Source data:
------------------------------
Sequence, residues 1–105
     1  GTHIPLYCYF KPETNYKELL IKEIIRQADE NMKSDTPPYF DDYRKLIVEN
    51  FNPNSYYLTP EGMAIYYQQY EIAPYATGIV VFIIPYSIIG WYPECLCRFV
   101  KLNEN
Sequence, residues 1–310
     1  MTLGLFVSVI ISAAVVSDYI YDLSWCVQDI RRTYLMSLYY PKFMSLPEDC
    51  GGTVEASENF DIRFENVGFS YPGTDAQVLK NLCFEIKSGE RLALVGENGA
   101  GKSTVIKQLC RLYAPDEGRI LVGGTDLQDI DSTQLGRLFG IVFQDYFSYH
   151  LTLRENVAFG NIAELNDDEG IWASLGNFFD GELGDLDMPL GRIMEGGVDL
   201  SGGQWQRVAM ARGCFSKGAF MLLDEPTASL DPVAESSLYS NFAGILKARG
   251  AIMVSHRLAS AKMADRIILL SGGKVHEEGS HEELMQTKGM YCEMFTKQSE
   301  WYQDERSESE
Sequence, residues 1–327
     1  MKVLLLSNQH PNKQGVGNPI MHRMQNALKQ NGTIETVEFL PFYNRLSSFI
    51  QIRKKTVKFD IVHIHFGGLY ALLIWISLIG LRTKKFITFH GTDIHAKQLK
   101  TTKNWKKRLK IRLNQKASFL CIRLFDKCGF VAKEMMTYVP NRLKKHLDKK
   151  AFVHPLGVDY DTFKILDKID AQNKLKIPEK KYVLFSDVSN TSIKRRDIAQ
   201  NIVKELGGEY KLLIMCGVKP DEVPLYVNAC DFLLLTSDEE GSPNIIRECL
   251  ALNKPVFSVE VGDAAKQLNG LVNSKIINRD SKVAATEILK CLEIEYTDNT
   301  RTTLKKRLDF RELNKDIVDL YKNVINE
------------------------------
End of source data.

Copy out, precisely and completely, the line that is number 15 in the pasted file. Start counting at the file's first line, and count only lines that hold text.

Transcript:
    51  QIRKKTVKFD IVHIHFGGLY ALLIWISLIG LRTKKFITFH GTDIHAKQLK